Re-launching the Israeli-Palestinian peace process — Challenges and vision

FAO Headquarters, Rome, 22 and 23 March 2007



1. The United Nations International Meeting in Support of Israeli-Palestinian Peace was held at the Headquarters of the Food and Agriculture Organization in Rome, on 22 and 23 March 2007, under the auspices of the Committee on the Exercise of the Inalienable Rights of the Palestinian people.  Participants in the Meeting included international experts, representatives of Governments, Palestine, intergovernmental organizations, United Nations system entities, parliaments, civil society and the media.

2. The Meeting was convened by the Committee with a view to supporting and promoting international efforts aimed at achieving peace between Israelis and Palestinians, focus the world community’s attention on the question of Palestine, and emphasize the importance and urgency of resolving the Israeli-Palestinian conflict through ending the occupation, and the establishment of an independent State of Palestine based on the pre-1967 borders, living side-by-side with Israel in peace and security.  In three plenary sessions, the participants discussed the significance of peace in the Middle East for the advancement of the dialogue between cultures and civilizations; the role of parliaments in promoting dialogue between Israelis and Palestinians; and the urgency of restoring momentum to the Israeli-Palestinian peace process and forging a vision of a final settlement.

3. The Meeting was held at a time when the Mecca agreement and the resulting national unity government, having succeeded in moderating the internal Palestinian situation, raised hopes that the long-stalled peace process would soon resume.  The participants welcomed the formation of a Palestinian government of national unity, and expressed the hope that this development would allow the international community to restore the much-needed economic and humanitarian assistance and help move the political process forward.  Participants also expressed a view that the international community had an obligation to support the new Government without preconditions and lift the aid restrictions imposed on it.  They called on the parties, regional actors and the Quartet to intensify efforts that would result in an appreciable progress in the Middle East peace process.  In that regard, the participants noted the emerging international consensus in favour of the political process addressing, without further delay, the permanent status issues, rather than provisional or interim arrangements.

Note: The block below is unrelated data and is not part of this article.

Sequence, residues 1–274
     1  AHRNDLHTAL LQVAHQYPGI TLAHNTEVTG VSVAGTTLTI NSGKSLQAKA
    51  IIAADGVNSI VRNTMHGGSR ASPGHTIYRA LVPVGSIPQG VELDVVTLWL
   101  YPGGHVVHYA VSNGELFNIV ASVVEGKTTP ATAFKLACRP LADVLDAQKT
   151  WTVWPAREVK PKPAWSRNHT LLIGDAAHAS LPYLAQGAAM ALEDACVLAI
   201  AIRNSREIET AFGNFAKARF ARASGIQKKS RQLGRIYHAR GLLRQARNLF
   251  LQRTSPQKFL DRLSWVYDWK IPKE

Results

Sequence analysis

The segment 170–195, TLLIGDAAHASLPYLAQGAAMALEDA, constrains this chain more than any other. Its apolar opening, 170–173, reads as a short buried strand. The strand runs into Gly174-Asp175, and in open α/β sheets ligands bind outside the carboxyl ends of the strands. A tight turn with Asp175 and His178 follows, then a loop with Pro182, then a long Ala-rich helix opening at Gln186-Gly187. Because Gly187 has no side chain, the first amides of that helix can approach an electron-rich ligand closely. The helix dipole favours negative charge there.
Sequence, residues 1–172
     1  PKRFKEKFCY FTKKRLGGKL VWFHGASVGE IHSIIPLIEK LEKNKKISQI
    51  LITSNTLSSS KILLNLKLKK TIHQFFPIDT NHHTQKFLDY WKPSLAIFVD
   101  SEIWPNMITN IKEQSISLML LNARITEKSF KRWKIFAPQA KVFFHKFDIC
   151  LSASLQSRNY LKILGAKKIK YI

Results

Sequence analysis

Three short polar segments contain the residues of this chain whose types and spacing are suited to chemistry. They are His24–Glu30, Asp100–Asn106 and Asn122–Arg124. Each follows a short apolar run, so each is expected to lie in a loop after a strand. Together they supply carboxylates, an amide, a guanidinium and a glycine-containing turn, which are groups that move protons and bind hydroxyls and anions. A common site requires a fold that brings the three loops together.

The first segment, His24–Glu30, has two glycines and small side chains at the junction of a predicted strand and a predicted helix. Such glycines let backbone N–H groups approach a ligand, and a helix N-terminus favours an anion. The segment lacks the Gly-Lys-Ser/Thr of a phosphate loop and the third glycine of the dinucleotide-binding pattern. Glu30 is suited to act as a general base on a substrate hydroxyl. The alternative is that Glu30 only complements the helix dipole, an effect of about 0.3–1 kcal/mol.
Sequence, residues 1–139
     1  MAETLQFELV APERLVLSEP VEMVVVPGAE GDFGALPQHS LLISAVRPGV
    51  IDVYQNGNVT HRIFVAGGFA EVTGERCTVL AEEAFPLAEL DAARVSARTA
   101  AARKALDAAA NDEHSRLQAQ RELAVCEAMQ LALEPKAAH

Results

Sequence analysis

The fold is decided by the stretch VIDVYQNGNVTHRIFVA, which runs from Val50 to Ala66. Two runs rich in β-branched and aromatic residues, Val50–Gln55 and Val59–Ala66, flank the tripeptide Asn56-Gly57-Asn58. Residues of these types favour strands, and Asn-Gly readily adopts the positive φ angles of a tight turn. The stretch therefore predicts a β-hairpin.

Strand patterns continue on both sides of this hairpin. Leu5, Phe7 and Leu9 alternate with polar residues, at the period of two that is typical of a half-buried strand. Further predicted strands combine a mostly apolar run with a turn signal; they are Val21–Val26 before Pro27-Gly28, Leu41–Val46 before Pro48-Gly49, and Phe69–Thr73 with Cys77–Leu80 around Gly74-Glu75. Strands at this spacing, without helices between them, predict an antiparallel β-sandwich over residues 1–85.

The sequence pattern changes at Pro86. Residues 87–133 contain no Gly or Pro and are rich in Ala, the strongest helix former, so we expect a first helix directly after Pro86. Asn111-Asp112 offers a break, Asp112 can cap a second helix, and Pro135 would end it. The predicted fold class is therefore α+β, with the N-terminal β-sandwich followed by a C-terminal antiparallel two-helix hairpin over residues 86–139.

4. The participants emphasized that the decades-old Israeli-Palestinian conflict was a threat to international peace and security and was increasingly becoming a key symbol of a perceived rift between the Western and the Islamic societies.  The participants further stressed that the lack of progress in Middle East peacemaking and, most notably, in the Israeli-Palestinian conflict had exacerbated feelings of frustration and mutual mistrust that was fueling extremism on a local, regional and world scale.  They also felt that it was often based on distorted interpretations of religious motives, aimed at transforming a political problem into a cultural and religious divide, and at disrupting the dialogue and interchange across cultures and civilizations.  On a broader level, the participants emphasized that the voice and influence of religious leaders in efforts aimed at overcoming differences, misconceptions and misunderstandings between Western and Islamic societies was key to promoting the dialogue between cultures and civilizations.  The participants were convinced that a solution to this conflict would greatly contribute to fostering such a dialogue.  

5. The participants discussed in detail the important role played by national parliaments and inter-parliamentary organizations in promoting a comprehensive, just and lasting settlement of the question of Palestine.  They viewed the experience and political influence of lawmakers and their organizations as instrumental in informing public opinion and setting policy guidelines, as well as in strengthening international law, democratic process and institution-building.  They also encouraged new initiatives to bring together Israeli and Palestinian parliamentarians.  Participants called for the immediate and unconditional release of all Palestinian parliamentarians currently in Israeli prison.  As the participants saw the need for formulating a regional approach to resolving the question of Palestine, the role of regional organizations took a particular prominence.  They supported the Euro-Mediterranean partnership and the Barcelona process as important initiatives aimed at strengthening dialogue for peace and stability in the wider region.

6. The participants expressed the hope that the parties would overcome the remaining differences in their quest for a final settlement, and noted the firm basis for such a settlement provided by the relevant resolutions of the United Nations bodies, the terms of reference of the Madrid Conference of 1991 and its principles, the 2002 Peace Initiative of the Arab League and the Road Map.  The growing prominence of diverse international and regional actors and initiatives was discussed at length, with a particular attention accorded to the role of Europe.  The participants also supported calls for convening an international peace conference on the Middle East.

7. The participants reaffirmed the permanent responsibility of the United Nations with regard to the question of Palestine until it was resolved in all aspects in a satisfactory manner in accordance with international law and legitimacy.